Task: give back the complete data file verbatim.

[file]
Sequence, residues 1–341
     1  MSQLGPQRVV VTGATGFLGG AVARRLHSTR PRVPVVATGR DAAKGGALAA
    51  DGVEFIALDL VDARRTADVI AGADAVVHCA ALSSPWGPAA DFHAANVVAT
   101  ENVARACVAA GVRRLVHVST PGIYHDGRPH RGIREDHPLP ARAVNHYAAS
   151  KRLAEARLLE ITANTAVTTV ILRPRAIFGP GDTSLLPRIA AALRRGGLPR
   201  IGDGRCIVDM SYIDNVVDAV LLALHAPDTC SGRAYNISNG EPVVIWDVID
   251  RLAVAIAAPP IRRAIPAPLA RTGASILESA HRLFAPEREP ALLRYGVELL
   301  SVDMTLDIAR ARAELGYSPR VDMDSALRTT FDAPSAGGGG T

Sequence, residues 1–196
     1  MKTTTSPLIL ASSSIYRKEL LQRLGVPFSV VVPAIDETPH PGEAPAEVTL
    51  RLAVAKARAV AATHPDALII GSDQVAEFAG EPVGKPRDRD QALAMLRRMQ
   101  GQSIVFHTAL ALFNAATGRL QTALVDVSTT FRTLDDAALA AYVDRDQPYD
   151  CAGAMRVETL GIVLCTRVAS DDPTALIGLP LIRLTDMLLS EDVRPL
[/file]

Sequence, residues 1–341
     1  MSQLGPQRVV VTGATGFLGG AVARRLHSTR PRVPVVATGR DAAKGGALAA
    51  DGVEFIALDL VDARRTADVI AGADAVVHCA ALSSPWGPAA DFHAANVVAT
   101  ENVARACVAA GVRRLVHVST PGIYHDGRPH RGIREDHPLP ARAVNHYAAS
   151  KRLAEARLLE ITANTAVTTV ILRPRAIFGP GDTSLLPRIA AALRRGGLPR
   201  IGDGRCIVDM SYIDNVVDAV LLALHAPDTC SGRAYNISNG EPVVIWDVID
   251  RLAVAIAAPP IRRAIPAPLA RTGASILESA HRLFAPEREP ALLRYGVELL
   301  SVDMTLDIAR ARAELGYSPR VDMDSALRTT FDAPSAGGGG T

Sequence, residues 1–196
     1  MKTTTSPLIL ASSSIYRKEL LQRLGVPFSV VVPAIDETPH PGEAPAEVTL
    51  RLAVAKARAV AATHPDALII GSDQVAEFAG EPVGKPRDRD QALAMLRRMQ
   101  GQSIVFHTAL ALFNAATGRL QTALVDVSTT FRTLDDAALA AYVDRDQPYD
   151  CAGAMRVETL GIVLCTRVAS DDPTALIGLP LIRLTDMLLS EDVRPL